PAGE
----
BEIJING, Feb 23 – Hillary Clinton’s trip to Beijing has come as a relief to China after the US secretary of state steered clear of human rights and other sensitive issues to focus on cooperation between the world powers.
The official English-language China Daily published an enthusiastic editorial, saying Clinton’s visit to China, part of her first overseas trip that also took in Japan, Indonesia and South Korea, reassured Beijing.
"Many had waited anxiously for the new administration’s China overtures, wondering if the precious signs of stabilisation in bilateral ties at the end of the Bush years could survive the new White House resident’s ambitions for change," it said.
"With Clinton in town highlighting common concerns, they finally received the much sought-after relief."
China’s communist leaders had initially given a nervous welcome to US President Barack Obama, fearing the Democrat leader would press them harder on human rights and trade issues than his predecessor, George W. Bush.
But Clinton, who wrapped up her trip on Sunday, sought repeatedly to reassure her hosts she wanted to spend her 40 hours in Beijing focusing on ways to work together, not debating their differences such as on human rights.
Clinton did meet with Chinese women’s rights advocates at the US embassy and said she raised the issue in private with China’s leaders.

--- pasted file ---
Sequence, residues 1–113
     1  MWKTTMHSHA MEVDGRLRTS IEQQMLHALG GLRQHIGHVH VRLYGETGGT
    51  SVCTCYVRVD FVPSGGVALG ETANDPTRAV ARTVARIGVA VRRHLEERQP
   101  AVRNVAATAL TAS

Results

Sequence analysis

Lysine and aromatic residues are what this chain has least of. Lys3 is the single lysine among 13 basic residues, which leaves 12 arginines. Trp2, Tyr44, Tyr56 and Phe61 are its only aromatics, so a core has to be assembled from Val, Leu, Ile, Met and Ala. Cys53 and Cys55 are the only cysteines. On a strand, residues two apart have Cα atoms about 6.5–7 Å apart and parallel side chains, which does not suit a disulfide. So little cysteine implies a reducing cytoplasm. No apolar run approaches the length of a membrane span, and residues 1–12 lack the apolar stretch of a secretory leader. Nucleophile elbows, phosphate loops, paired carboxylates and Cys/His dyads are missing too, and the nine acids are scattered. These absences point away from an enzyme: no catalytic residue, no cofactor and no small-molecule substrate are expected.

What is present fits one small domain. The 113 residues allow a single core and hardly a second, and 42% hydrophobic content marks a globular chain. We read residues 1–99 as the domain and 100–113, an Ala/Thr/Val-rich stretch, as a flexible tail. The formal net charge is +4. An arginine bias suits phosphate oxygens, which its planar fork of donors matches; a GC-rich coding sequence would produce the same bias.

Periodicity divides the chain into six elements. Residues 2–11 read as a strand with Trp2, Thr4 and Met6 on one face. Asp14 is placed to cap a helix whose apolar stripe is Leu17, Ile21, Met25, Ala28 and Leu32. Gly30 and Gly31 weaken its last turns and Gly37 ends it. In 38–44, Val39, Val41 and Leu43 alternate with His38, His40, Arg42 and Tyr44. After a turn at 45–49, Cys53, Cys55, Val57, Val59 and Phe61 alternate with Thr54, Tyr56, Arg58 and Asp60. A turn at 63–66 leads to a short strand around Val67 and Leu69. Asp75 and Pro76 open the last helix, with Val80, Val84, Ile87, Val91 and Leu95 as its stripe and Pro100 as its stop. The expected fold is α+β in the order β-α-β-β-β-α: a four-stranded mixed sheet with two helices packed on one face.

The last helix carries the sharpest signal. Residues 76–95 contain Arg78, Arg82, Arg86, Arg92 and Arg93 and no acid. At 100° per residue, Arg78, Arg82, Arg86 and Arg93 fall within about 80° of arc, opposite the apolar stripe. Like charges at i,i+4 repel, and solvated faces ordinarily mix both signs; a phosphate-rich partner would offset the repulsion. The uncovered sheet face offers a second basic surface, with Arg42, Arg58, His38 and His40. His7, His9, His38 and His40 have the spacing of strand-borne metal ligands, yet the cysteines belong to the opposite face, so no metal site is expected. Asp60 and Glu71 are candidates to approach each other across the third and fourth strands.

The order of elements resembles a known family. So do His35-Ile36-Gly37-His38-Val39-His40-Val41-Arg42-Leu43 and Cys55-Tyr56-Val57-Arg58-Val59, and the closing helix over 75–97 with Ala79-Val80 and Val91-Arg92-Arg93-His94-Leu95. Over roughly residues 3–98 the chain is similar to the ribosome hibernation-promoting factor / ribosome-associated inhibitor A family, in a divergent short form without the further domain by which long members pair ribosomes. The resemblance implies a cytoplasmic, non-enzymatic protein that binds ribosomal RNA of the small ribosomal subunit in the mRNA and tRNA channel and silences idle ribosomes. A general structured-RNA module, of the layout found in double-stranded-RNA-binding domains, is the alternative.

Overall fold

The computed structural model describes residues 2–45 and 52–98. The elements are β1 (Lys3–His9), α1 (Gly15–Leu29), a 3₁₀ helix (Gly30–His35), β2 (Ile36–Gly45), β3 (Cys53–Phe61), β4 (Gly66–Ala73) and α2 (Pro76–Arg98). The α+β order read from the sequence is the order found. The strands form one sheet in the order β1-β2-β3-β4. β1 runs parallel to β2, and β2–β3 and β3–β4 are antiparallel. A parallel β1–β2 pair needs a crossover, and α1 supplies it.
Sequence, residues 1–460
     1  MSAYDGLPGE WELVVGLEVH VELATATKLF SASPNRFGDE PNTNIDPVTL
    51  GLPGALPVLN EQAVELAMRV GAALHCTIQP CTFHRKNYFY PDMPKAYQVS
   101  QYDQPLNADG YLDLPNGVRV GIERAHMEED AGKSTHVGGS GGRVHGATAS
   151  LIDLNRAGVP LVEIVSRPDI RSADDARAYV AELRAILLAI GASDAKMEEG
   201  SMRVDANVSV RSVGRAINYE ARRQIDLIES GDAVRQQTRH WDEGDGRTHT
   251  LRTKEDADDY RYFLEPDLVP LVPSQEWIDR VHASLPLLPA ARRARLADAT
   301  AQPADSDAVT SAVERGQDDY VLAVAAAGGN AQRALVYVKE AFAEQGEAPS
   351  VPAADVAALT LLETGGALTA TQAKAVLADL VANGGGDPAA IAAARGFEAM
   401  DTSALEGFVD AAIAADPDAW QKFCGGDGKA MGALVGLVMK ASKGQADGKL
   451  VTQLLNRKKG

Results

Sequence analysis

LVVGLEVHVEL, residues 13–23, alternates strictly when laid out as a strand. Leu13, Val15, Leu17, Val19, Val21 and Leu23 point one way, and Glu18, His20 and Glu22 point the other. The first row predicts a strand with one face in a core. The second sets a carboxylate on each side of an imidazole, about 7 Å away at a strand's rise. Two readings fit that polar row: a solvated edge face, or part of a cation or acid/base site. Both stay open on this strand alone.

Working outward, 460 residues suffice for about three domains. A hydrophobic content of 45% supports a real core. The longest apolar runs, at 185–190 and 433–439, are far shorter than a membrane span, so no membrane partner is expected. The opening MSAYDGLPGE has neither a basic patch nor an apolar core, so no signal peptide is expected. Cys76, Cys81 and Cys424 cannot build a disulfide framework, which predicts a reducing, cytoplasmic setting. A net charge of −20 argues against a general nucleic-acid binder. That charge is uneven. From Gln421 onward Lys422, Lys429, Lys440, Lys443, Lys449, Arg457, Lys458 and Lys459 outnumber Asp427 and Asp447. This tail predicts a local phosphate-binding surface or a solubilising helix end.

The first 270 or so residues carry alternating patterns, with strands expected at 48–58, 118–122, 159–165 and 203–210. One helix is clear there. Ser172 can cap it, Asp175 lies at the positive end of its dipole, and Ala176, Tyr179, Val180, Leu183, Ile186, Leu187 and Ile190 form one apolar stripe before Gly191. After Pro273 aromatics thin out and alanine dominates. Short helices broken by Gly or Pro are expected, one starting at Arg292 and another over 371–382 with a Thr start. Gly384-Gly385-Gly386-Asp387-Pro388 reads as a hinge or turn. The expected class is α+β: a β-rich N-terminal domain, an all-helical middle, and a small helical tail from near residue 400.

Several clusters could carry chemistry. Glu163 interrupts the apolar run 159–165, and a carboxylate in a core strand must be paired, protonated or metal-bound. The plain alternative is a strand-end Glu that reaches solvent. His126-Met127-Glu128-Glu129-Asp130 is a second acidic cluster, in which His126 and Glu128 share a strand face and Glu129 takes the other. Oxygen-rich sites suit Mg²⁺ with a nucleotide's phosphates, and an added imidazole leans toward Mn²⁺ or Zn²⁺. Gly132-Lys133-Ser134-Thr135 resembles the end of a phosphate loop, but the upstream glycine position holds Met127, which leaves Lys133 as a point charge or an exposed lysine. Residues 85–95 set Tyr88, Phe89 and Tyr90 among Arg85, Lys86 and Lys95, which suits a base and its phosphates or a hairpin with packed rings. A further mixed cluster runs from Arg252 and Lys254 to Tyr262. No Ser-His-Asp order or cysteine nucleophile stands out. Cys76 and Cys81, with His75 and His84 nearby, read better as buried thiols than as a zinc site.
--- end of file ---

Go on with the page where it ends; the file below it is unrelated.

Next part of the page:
But her comments that she would not let human rights stand in the way of co-operation on issues of major global importance, such as the economic crisis and climate change, drew criticism from activists in China and abroad.
Other points of dispute, such as US accusations of Chinese currency manipulation and Washington’s arms sales to Taiwan, were also off the public agenda.
Xin Qiang, deputy director of the Centre for American Studies at Fudan University in Shanghai, said the Chinese government would have welcomed Clinton’s conciliatory stance.
"Beijing doesn’t want to hear any criticism on these issues, and now Beijing will be much relieved and happy that human rights and issues on Tibet and Taiwan have not been raised by Secretary Clinton," he said.
On the specific issue of Clinton not pressing hard on human rights, Xin said: "Beijing will take it as a good and friendly gesture extended by Washington."
The Global Times, another state-run newspaper, said Clinton’s attitude towards China on human rights was "realistic."
"In the future, the United States will sooner or later raise the issue of human rights in China, but it might not be too extreme," it cited a professor at the China Foreign Affairs University, which operates under the guidance of the government, as saying.
"This type of realistic attitude could be followed by other Western leaders."
Other state media said Clinton’s visit had revealed a distinct change in relations between the United States and China, with the power imbalance between them evening out.
"Whether it is in methods of contact or how issues are formulated, everything is very different from before," the Beijing News said in a comment piece.
"On a diplomatic level, China and the United States are becoming quite balanced."
Xin made similar remarks, pointing to Clinton apparently not mentioning the currency row between the two nations, after US Treasury Secretary Tim Geithner accused China in January of manipulating the yuan for a trade advantage.
"The United States have realised that you cannot criticise China unilaterally while you are also trying to get help from Beijing," he said.